If that exact cut looks familiar, it might be because another brainy center from the opposite end of the globe has mastered it in Golden State while fake-screening for another elite shooter:
"He's become a big-time roller," Westbrook said of Adams in February. During a chat with Adams, I mentioned that at times, he almost looked like Tyson Chandler rising for lob dunk after lob dunk during his heyday with Dallas.
"Tyson Chandler, huh?" Adams said with a laugh. "I guess I'm just making better reads, and Russ and I are getting more comfortable with it. That's pretty much it, isn't it?"
Adams has been the Thunder's third-best player in this series, and he's been so good, Donovan feels emboldened to stretch the gigantic Kanter-Adams double-mustache look over extended minutes. The two behemoths have shared the floor for 36 minutes total over the past three games, and the Thunder have blitzed San Antonio by 12 points over that span, per NBA.com.
The Thunder didn't start experimenting with that look until February, and the two centers played only 127 minutes total over 27 games during the regular season. They have Voltron-ed into a weapon against the Spurs. Oklahoma City has rebounded a preposterous 48 percent of its own misses with those two on the floor over the past three games, per NBA.com.
They are just too big and strong for the West-Boris Diaw combination. Those fogies can't compete with Adams-Kanter on the glass, or finish over them on offense. The Spurs suddenly look one big man short. It has never felt more like we are witnessing the final days of Timothy Theodore Duncan. Somewhere over the past few months -- maybe due to a groin injury that sapped some of his conditioning -- Diaw lost a quarter-step or so. And that can mean everything when you can barely jump, and rely on guile to meander your way into flippy shots and silky bankers.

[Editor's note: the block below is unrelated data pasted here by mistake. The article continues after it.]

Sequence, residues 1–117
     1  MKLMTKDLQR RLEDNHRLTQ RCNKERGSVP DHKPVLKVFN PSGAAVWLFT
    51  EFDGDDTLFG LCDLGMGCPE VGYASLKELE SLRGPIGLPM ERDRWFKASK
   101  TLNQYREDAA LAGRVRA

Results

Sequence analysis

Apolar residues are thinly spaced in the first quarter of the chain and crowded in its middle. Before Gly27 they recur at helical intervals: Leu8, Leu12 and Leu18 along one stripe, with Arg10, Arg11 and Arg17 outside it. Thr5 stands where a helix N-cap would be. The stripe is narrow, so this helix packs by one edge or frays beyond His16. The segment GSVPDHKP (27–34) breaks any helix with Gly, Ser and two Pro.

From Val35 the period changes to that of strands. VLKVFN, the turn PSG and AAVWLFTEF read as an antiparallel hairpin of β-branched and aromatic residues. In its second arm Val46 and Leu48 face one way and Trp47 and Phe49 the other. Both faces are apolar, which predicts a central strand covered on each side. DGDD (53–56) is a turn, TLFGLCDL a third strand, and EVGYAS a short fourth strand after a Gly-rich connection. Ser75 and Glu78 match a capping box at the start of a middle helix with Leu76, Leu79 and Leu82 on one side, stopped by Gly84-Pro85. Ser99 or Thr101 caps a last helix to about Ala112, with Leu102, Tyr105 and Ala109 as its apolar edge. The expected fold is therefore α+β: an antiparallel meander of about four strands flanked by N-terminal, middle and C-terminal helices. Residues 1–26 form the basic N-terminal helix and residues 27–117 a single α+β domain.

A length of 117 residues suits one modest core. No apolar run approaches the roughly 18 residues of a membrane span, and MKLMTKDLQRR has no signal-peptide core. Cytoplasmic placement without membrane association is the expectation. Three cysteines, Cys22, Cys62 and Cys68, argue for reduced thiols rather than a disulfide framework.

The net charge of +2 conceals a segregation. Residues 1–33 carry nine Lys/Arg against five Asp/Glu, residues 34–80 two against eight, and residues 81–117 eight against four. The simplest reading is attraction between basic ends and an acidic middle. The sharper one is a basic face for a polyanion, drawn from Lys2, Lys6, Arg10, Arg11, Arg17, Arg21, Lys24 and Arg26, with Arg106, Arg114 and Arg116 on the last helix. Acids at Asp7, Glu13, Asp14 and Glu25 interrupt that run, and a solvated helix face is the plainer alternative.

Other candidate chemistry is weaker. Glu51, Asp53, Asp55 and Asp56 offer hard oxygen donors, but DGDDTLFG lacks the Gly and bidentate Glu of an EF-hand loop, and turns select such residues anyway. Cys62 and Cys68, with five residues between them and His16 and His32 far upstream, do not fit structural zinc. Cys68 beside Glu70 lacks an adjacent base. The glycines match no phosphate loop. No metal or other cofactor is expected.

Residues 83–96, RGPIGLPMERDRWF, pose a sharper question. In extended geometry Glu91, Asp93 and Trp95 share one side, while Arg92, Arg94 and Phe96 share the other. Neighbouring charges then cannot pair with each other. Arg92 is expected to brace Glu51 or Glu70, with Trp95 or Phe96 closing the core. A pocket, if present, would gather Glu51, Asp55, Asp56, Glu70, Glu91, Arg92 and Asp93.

It's tempting to suggest that Gregg Popovich experiment again with going smaller, using Leonard at power forward and Aldridge at center. They could switch that Adams/Durant pin-down, and lots of other actions, without locking themselves into fatal mismatches. Kyle Anderson gave the Spurs six good minutes in which he didn't look out of his depth guarding Durant.
But over time, you wonder if Anderson could really hold up. Jonathon Simmons showed hoppy promise during the season, but the coaching staff clearly doesn't trust him now. Even mainstays Ginobili and Green have been hit-or-miss on offense. The Spurs feel a wing short of going small and a big short of playing the way they really want to play. And if they ever did dare go small against Adams-Kanter, they would risk a bludgeoning on the boards so bad as to negate any speed and shooting advantage.
The Spurs stole home-court advantage back by winning Game 3. They're going home now for a pivotal Game 5, and they are endlessly confident in their ability to execute under pressure -- and in Oklahoma City's making just enough mistakes to lose a game. They might poke at Kanter more if Donovan dares put him on Aldridge again in crunch time, but a rewatch of Game 4 shows they tossed Kanter into a bunch of Parker-Aldridge pick-and-rolls over the last five minutes.
Popovich will have new wrinkles. Leonard might do better against Roberson and Waiters until Durant decides to take the challenge of guarding him the entire game. The Spurs might just have their bigs stay home on Adams, and dare Durant to beat Leonard by turning the corner -- a strategy that is cleaner with Roberson on the weak side.
But the Thunder have showed, again, that they can compete with a Spurs team that looks better -- and is better -- over the long haul, against the entire league. That is what makes Oklahoma City's Game 1 no-show so infuriating.
Nothing to do about that now. Game 5 is a massive moment for both franchises -- a moment we need as the Cavs vacation, Stephen Curry rests and the Raptors and Heat play 1990s Eastern Conference basketball without the headlining centers. Adams changed this delightful, tense series in Game 4. Let's see who steps up on Tuesday.